Ultimate Query Tips (No Really This Time…)

This morning, after a fairly Internet-free weekend, I opened my Google Reader to 1000+ unread items. After “reading” everything on The Huffington Post without actually opening anything, my Reader was boiled down to all the publishing news/blog posts I missed (OK, and some Cute Overload pictures). Since you also follow these agent, editor, and writer blogs (probably way more intently than I do), I don’t have to tell you that we publishing folk love to give advice. Like, a lot of it. Today was no different.

I searched on Twitter and in my Reader for “query tips” and the number of posts featuring those words were so many that there was no way I could link them all here. We all know there are tons of them. So much so that some writers have taken to mocking people who still don’t know the “rules.”

For sanity’s sake, I will focus on the two items I clicked today back-to-back – one from BookEnds and one from Rachelle Gardner. (By the way, both of these blogs are must-reads. Go follow them right now if you aren’t already.) Both posts offer query tips. Both posts are absolutely correct. And both posts should be largely ignored.

Explanation:

Every blog post or tweet offering query tips is useful. I do this on a regular basis via Twitter and offered a few blog posts myself in the past (here and here). However, every post you read about query tips, no matter who writes it, can be boiled down to one sentence: JUST TELL ME WHAT YOUR BOOK IS ABOUT.

Maybe it’s not in all-caps, since we’re all professionals here, but that is basically the sentiment. All agents ever want are a few succinct sentences that give a plot overview and an interesting character detail. No need to over-share or be overly coy. Just give us something that won’t make us ask any question other than “what happens next?”

The reason agents sometimes need to write posts detailing the more specific “don’ts” of querying are because sometimes writers need to be reminded that the story is 99% of what matters. We do not write them so you can analyze each one individually and obsess over whether you’ve committed that particular crime. We want you to stay sane! We just want to let you know when we keep seeing the same mistakes and try to prevent them.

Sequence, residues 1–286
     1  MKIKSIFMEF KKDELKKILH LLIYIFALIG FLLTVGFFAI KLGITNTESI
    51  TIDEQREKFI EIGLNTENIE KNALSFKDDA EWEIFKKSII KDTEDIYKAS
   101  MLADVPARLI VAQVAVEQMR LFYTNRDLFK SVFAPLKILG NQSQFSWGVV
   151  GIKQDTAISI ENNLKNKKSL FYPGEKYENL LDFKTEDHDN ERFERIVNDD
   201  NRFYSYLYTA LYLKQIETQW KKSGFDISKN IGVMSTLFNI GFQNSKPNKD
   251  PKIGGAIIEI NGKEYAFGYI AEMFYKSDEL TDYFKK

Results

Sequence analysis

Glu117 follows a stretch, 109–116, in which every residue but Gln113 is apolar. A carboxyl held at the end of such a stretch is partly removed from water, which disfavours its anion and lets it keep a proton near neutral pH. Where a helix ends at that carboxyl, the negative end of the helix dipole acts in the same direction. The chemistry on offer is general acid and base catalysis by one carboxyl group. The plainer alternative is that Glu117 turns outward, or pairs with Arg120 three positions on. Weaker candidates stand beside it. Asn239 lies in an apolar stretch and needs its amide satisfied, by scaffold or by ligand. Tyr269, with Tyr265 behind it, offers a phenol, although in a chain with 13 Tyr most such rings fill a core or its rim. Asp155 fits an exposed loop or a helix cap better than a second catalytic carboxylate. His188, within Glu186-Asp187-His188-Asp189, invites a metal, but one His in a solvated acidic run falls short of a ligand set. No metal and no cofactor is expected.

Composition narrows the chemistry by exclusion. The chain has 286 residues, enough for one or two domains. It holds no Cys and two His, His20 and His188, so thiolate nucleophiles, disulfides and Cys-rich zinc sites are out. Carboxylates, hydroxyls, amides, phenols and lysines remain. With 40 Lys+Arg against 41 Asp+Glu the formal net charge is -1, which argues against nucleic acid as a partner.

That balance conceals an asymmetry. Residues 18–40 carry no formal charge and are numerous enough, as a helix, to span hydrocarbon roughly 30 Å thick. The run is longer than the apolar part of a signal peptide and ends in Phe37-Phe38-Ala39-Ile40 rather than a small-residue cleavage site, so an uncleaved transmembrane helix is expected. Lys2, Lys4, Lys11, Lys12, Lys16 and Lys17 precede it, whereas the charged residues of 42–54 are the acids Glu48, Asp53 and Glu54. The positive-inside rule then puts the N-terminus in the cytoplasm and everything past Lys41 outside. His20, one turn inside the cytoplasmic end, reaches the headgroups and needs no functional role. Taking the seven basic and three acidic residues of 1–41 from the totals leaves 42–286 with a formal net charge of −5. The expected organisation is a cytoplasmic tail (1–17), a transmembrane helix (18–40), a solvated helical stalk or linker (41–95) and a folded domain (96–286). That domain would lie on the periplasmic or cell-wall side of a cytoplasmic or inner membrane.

Remember the one and only real query rule, which is presenting your book in an effective and direct way. Agents will always have different preferences when it comes to the “other stuff” in queries (grammar, personal info, novel comparisons, etc.), so take what we have to say and put it through your individual filter. If it doesn’t apply to you, move on. If it does, then take it under consideration. Note I said “largely” ignore us, but don’t discount us completely. We never open a query thinking “I can’t wait to reject this.” And if it becomes too hard to see why we shouldn’t, then we’ll write a blog post for you.

Advertisements

7 thoughts on “Ultimate Query Tips (No Really This Time…)

  1. That is good advice. I think many of the unsuccessful queries are probably from people who aren't reading these blogs or possibly not reading the guidelines for each agent. My friend works for a publishing house in customer service and she occasionally gets calls at the 1-800 number where people are essentially pitching their book idea. Some people have no idea at all. I don't say that to bash, but just that even the most basic homework to the industry can help a lot. Although, I'm still slightly terrified to query (not there yet).

    Like

  2. @Melanie – I think a lot of agents can have that mentality not because they want to reject something, but because of the need to limit their reading list. I'm also guilty of rejecting a query (w/out a writing sample) because of too much frivolity. If we can't tell right away if we want to read it, many of us simply don't have the time to search for it.

    @Anonymous – In a query, telling is preferred! It's quicker. Show through the writing.

    Like

  3. Thanks so much for this, Sarah. I think we writers often get so wrapped up in tiny details, we forget that the point of a query is just tell about the story and to generate more interest! This goes right to the heart of things. 🙂

    Like

  4. I like that you state that you never open a query thinking “I can't wait to reject this”. I just finished reading a post on another literary agent's blog where she indicated that agents are so busy that they are just looking for a reason to reject it.

    It was incredibly discouraging.

    Thanks for brightening my day.

    Like

Leave a Reply

Fill in your details below or click an icon to log in:

WordPress.com Logo

You are commenting using your WordPress.com account. Log Out / Change )

Twitter picture

You are commenting using your Twitter account. Log Out / Change )

Facebook photo

You are commenting using your Facebook account. Log Out / Change )

Google+ photo

You are commenting using your Google+ account. Log Out / Change )

Connecting to %s